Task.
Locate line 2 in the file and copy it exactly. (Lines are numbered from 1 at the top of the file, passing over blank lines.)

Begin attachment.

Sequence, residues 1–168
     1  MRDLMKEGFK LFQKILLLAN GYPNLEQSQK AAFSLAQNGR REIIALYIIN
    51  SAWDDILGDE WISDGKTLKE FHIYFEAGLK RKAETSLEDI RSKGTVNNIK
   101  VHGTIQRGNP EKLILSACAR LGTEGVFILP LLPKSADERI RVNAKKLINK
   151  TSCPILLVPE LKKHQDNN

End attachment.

     1  MRDLMKEGFK LFQKILLLAN GYPNLEQSQK AAFSLAQNGR REIIALYIIN